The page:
I have been following your comments closely and I appreciate you speak out so openly about your thoughts on Britain’s role in the EU. I personally believe in a united, transparent, democratic and federal Europe (not necessarily a federal state mind you), in which also the UK takes up its part. A Europe of citizens, in which decisions are taken in accordance with the subsidiarity principle (thus at the level where a problem arises). In this respect for me a federal Europe means giving more say also to the regions. If you feel your aleagence with the British crown only, good for you. But if the majority of the British really do feel this way and see the EU as nothing more than a free trade area then by all means you should have an open and democratic debate about it in the UK and reconsider the option of leaving the EU. One way of making the EU more democratic is by having an EU-wide referendum on the next Constitutional Treaty (whatever form or name it might have in the end) together with the EP elections in summer 2009. If the majority of EU’s almost 500 million citizens and its 27 states say yes, it should be adopted. Those who vote no, e.g. potentially the UK, should re-define it’s relation with the EU. If the UK chooses to stand alone and believes it can tackle the challenges of today and tomorrow in that way, that’s your choice. But don’t stop me or hold me back if I want to move forward with creating a true political Union and a united Europe.

  • On 11 April 2007 at 18:48, by Anne Replying to: The Vision is lost - only a “core Europe” can revive it

    Thank you for your honest thoughts Curlypeter. An EU wide referendum eh? As long as each country was counted separately. Far better to let such as our country go rather than hold it by the force of Treaties. (Of course, Treaties can be abrogated) I follow ’most’ of the debates in our Parliament and when debating EU legislation, it would appear they have to come to a “said” conclusion and work their way round to that conclusion. That is not what I call ’democracy’. To ’scrutinise EU legislation in MP’s language is to go through it perhaps to familiarise themselves with what Laws the EU has decided upon at that moment in time. They can alter a “maybe” to a perhaps or a dot to a comma, but that is about it.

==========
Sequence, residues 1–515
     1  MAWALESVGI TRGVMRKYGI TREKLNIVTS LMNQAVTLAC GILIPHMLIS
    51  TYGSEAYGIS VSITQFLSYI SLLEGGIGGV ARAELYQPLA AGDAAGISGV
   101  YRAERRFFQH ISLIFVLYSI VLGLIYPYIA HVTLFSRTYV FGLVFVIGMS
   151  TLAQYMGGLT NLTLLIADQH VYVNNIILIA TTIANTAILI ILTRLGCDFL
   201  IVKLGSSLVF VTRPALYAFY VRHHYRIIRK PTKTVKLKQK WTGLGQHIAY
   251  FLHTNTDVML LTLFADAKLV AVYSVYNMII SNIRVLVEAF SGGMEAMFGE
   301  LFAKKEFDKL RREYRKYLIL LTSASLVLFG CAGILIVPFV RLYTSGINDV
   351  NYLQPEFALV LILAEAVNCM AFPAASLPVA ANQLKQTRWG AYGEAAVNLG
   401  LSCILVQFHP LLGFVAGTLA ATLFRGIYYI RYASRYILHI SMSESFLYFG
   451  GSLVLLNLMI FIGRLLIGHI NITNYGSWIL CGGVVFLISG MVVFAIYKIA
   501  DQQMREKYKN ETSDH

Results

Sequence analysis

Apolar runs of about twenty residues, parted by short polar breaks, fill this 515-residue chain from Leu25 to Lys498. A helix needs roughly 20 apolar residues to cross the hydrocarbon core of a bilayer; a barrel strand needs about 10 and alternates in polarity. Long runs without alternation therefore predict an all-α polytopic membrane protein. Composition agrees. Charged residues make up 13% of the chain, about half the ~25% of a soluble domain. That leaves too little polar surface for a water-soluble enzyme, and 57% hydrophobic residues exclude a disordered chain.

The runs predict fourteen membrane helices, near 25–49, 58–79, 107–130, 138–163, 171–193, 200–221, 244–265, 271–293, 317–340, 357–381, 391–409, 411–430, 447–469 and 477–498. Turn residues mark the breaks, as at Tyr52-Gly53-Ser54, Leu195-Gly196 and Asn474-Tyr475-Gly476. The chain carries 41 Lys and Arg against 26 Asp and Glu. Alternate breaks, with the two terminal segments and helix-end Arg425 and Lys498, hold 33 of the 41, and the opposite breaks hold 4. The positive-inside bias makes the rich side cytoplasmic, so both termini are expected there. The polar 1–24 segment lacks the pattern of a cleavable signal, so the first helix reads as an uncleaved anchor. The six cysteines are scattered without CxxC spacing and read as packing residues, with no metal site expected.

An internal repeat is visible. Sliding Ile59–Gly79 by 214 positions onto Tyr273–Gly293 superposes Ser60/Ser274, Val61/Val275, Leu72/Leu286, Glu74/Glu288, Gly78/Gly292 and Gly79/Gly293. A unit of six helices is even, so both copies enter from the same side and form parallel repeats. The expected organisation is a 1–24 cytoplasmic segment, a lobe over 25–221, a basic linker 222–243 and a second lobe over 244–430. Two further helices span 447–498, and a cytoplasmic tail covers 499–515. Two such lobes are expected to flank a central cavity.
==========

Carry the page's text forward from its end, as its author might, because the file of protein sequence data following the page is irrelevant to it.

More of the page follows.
Any person born in Britain automatically owes their allegiance to the Crown and the Country. (It is as if they have said the oath of allegiance from the day they were born here without uttering a word.) This is why I chose the word “Crown” carefully and not the person that happens to be King or Queen at any particular time. The Crown also represents the Country, the Crown is continuity. I cannot hold any allegiance to any other Country and neither can anyone else lawfully. One can only have one master. No one can have allegiance to two such vastly different organisations.

    We cannot have an “open and democratic” debate because there is not one Member of Parliament that is prepared to do as you do and state quite openly what you want and what THEY have signed the 60 million people up to in this Country. Even now, to keep the British in the EU they are preparing to drop the word “Constitution”, to fool the people once more. In my book’ if you cannot tell the truth quite openly, you must be doing something wrong or are ashamed of having your name tagged to what you are doing.

    The EU will crumble of course and there will be bloodshed, even America had its civil war to get where it is today. Much of what the EU is taking upon itself (and yes, I am aware that they are pushing Articles from the EU Constitution without the proper legal, legal base) the Nation States are best to do for themselves. We pay our MP’s to Govern and they want another rise for doing what, about 20% of the work they should be doing. The people in all different Countries will not always contentedly continue to do that.